The All Blacks’ No.6 jersey is Akira Ioane’s for as long as he wants it.
That’s not a line many of us would ever have imagined typing.
As recently as a year ago, the loose forward looked like he might be more at home in the Heartland Championship than test rugby.
Once a Commonwealth Games and Olympic Sevens medallist, Ioane could’ve passed for a long haul driver from Paeroa or Ashburton who’d enjoyed a few too many meals at his favourite truck stop.
The now-25-year-old was in poor physical shape and seemed mentally shot too, partly thanks to Steve Hansen’s blunt assessment of him.
But such was Ioane’s performance in Saturday’s 38-0 win over Argentina in Newcastle, that you’d have to say he’s suddenly elevated himself to incumbent status.
Jerome Kaino was as good a blindside flanker as we’ve seen in New Zealand. Certainly on a level above peers such as Liam Messam, Liam Squire, Elliot Dixon, Luke Whitelock, Steven Luatua, Victor Vito and Vaea Fifita.
Shannon Frizell’s been given every opportunity to assume Kaino’s mantle – without success – while Cullen Grace is among the would-be or potential contenders. But no-one, you could argue, has presented a more compelling case than Ioane did over the weekend.
Let’s dwell on the past, a little.
New Zealand cricketer John Bracewell famously coined the phrase “flat track bully’’ to describe batsman Graeme Hick in the late 1980s. Hick, of Zimbabwe, slaughtered domestic attacks in Australia, New Zealand and England while serving a seven-year stand down to qualify for the latter.
Sure, as Bracewell pointed out, Hick excelled against modest opposition in ideal conditions, but let’s see how he goes against the West Indies’ four-pronged pace attack. Or any international side for that matter.
Ioane has always been much the same. Pit him against weak Super Rugby or Mitre 10 Cup sides – on occasions when the Blues or Auckland are already on top – and he’ll run rampant.
Take him somewhere like AMI Stadium, though, and he’d often go missing.
Hansen gave Ioane every opportunity to change that view. He invited him to All Blacks camps or picked him in squads in the hope of unlocking the obvious potential.
The Blues’ environment might not have been up to much, but Hansen wagered a week or two with the All Blacks would sort Ioane out.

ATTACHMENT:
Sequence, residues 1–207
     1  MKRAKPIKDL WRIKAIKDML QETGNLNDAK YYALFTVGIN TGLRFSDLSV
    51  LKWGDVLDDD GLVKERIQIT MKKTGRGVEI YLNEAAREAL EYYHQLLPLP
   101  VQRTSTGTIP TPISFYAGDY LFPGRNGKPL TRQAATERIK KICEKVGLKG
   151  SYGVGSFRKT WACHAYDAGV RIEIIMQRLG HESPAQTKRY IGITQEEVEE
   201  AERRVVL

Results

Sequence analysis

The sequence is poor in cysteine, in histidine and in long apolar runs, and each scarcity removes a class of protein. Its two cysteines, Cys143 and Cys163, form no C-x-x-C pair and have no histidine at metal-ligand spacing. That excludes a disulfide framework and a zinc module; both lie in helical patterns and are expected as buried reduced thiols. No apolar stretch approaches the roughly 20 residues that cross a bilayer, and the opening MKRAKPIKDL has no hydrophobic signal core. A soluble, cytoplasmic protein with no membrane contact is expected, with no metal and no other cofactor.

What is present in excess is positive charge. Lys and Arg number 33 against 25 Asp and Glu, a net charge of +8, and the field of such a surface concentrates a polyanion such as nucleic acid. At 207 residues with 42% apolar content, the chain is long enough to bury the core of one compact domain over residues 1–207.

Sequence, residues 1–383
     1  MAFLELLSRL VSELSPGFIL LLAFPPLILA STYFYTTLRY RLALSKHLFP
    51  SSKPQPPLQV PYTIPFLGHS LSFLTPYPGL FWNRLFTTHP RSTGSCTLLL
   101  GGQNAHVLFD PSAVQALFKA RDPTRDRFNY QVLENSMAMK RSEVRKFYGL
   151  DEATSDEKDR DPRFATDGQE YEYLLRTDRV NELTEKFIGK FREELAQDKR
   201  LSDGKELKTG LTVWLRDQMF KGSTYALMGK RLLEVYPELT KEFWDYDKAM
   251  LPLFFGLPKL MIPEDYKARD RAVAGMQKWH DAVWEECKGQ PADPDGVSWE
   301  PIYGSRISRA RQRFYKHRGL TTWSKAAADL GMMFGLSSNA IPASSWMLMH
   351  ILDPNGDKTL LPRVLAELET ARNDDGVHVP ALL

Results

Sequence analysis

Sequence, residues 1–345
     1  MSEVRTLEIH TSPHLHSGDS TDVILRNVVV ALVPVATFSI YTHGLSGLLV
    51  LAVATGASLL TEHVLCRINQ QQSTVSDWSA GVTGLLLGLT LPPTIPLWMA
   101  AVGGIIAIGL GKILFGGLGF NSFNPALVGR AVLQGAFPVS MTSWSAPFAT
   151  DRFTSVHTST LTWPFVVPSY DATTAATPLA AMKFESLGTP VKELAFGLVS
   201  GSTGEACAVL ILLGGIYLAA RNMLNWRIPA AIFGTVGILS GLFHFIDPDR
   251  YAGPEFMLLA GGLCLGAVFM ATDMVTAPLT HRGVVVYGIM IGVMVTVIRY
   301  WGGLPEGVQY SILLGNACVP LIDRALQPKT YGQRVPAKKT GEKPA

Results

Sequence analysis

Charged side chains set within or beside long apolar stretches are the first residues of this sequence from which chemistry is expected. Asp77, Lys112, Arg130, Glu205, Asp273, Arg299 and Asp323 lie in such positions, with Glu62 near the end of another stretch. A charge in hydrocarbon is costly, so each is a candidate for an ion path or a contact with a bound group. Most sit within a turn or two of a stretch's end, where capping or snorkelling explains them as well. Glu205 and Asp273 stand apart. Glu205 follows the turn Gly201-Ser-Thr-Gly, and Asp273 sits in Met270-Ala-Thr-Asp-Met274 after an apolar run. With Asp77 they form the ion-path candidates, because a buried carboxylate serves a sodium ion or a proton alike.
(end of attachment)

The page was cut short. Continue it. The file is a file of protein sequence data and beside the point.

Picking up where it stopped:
Only it never did and despite the exposure to those standards and the encouraging fire-side chats, Ioane remained the lazy, ill-disciplined player he’d always been.
“You can only lead a horse to water, you can’t make it drink,’’ Hansen said of Ioane last season. “He’s got to decide to get thirsty.’’
Ioane struggled to command a spot in Auckland’s starting side. A player of immense promise, he appeared washed up at a frighteningly-early age and destined for a contract overseas.
In isolation, Ioane’s performance against the Pumas on Saturday was very good. But when you think about the depths he seemed to have sunk to last year, it was actually quite startling.
We’re looking for sustained ferocity out of an All Blacks’ blindside flanker. Someone with a high work rate, who carries hard and hurts people on defence.
Typified by Kaino, it’s an explosive and intimidating role, rather than a grafting one.
Ioane looked fit and fearless and even a little bit frightening against Argentina. More than that, he looked a man, and not the overgrown schoolboy he’s sometimes resembled until now.
It’s one thing to be bigger and stronger and faster than most people on the paddock, but quite another to have the work ethic to go with it. Dominating age-group rugby with ease doesn’t always help players in the long run and it definitely didn’t look like it was doing much for Ioane.
To his enormous credit, Ioane now appears to have developed the thirst Hansen spoke about and there’s no doubt he’s been the find of the All Blacks’ season.
The talent’s always been there and on Saturday we saw it combined with enough accuracy and ferocity to suggest we’ve finally found our blindside flanker.
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